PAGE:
British Columbia

Man charged $500 fee by internet provider after losing home to B.C. wildfire

A rural internet provider refused to let a man out of his contract after his Pressy Lake house burned down in the B.C. wildfire — and later claimed he owed $500 in damaged equipment.

Company relents after social media backlash: 'It's extremely regrettable and it should have never happened'

Lorne Smith says he spent three weeks repeatedly calling Xplornet to cancel his Internet service after losing his newly purchased house to a wildfire in late July. (Lorne Smith/Facebook)

A rural Internet provider refused to let a man out of his contract and later claimed he owed $500 in damaged equipment, after his Pressy Lake house burned down in a B.C. wildfire.

Lorne Smith says he spent three weeks repeatedly calling Xplornet to cancel his internet service after losing his newly purchased house in late July.

But in phone calls with several agents, Smith was told he was bound to his contract. 

"It was probably one of the most frustrating things I've ever had to go through," Smith told host Sarah Penton on CBC's Radio West

"I was trying not to break down and cry in front of them while trying to deal with what we've lost."

Repeated calls

Smith and his wife moved in May to their new house in Pressy Lake to start their retirement.

The evacuation forced them out in late July, and by mid-August, the couple learned their home was gone.

Smith had only moved into his Pressy Lake home in May before he lost it in the fire. (Lorne Smith/Facebook)

Smith called his television and hydro providers to cancel his services. He said both providers agreed and promised free installation in his new home.

But when he called Xplornet on Aug. 18, the agent refused to cancel his service.

Smith was instead offered a month of free service and told his contract would be re-evaluated in four or five months.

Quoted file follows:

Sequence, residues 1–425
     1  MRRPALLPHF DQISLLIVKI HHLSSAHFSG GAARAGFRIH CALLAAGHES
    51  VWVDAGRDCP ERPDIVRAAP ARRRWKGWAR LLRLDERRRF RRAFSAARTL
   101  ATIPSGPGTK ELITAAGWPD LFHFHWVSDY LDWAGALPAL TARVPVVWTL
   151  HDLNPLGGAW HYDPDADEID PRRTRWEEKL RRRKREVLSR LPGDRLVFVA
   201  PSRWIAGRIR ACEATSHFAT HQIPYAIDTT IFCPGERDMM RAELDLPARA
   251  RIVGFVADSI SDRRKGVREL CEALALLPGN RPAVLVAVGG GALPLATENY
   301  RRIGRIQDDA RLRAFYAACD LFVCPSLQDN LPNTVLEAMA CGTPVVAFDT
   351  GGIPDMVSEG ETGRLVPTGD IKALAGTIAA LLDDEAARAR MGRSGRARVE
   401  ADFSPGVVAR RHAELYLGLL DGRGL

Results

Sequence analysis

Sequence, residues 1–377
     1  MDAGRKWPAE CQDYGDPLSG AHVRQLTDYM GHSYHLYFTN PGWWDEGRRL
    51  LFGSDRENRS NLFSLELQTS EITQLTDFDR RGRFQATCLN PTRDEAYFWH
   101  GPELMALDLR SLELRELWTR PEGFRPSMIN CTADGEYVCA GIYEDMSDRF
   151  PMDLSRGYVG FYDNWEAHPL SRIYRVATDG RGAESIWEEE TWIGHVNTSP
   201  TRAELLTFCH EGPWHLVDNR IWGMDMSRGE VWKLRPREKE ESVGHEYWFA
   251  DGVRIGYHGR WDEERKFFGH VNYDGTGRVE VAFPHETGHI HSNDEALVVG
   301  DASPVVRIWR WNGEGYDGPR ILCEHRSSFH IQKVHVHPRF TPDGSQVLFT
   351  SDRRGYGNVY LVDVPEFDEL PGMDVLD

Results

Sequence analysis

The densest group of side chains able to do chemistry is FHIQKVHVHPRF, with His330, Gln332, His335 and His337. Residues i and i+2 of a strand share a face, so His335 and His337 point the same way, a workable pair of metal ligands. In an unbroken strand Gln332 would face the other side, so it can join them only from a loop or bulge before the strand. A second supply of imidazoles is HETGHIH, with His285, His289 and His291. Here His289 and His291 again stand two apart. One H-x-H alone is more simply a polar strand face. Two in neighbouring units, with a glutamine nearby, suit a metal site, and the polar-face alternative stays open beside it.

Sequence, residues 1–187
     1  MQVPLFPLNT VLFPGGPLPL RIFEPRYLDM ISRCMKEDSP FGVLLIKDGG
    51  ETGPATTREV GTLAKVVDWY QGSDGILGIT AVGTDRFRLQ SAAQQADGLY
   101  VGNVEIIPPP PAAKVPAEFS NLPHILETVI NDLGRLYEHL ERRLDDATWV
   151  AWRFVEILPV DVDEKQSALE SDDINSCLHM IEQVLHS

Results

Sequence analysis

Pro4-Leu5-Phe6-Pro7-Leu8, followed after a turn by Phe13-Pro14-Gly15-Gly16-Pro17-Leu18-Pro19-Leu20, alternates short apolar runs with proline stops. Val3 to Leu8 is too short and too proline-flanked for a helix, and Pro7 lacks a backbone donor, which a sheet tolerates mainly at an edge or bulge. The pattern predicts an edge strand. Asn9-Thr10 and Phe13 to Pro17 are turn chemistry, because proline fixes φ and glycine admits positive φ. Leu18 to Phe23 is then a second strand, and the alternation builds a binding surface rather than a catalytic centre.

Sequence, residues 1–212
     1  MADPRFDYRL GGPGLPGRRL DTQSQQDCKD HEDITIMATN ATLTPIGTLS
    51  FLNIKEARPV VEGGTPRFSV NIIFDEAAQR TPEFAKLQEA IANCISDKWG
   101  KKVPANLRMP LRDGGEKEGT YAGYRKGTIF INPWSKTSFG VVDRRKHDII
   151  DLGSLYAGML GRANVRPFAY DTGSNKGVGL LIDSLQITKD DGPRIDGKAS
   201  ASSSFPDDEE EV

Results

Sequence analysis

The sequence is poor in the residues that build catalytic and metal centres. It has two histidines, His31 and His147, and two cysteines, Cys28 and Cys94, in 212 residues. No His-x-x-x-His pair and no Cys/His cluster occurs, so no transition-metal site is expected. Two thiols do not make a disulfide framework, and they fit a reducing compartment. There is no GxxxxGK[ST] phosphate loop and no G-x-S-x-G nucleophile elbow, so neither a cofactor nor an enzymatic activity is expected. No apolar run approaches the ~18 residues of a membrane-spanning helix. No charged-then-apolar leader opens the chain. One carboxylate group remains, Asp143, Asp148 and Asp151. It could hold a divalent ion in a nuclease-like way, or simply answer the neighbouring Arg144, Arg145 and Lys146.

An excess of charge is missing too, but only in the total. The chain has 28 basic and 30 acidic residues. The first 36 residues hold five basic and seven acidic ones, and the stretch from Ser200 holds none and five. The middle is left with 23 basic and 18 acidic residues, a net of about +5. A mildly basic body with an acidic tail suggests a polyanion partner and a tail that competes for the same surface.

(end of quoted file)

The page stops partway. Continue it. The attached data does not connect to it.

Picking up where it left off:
"I explained to them again, there isn't going to be any service again in four of five months. Our house is gone. Your equipment is gone. We probably won't be rebuilding for at least a year."

After repeated calls — and waiting on hold for an hour for a supervisor that never answered — one agent agreed to cancel the service.

The catch? Smith was told he owed $500 for the Internet equipment lost in the fire.

"I told them I wasn't happy with that and that's ridiculous," Smith said. "We're in a state of emergency here in B.C."

After more failed attempts, Smith posted online about his experience. Users on Facebook quickly condemned the company.

'It's extremely regrettable'

On Thursday night, Smith received a call from Xplornet saying there had been a miscommunication and that his fees would be dropped.

"It's extremely regrettable and it should have never happened. We're very sorry as a company," said James Maunder, Xplornet's vice president of communications. 

Maunder said a policy was already in place that drops customer fees in cases of hardship or tragedy.

"It wasn't reinforced clearly and consistently over time," Maunder said.

"We've re-communicated the policy to our customer-care team, and our care agents that are located in three locations in Canada and will continue to do so."

"If Mr. Smith decides to relocate or rebuild his home, we'd love to win him back as a customer," Maunder added.

Xplornet is the largest rural Internet provider in Canada and is the only option for many residents in the B.C. Interior.

But Smith isn't giving them a second chance.

"If I can help it, I will never ever use them again. Their customer service is just horrible," Smith said.

"To put us through that for the last three weeks with what we've been going through, with our house lost — that's the last thing we needed."


With files from CBC's Radio West

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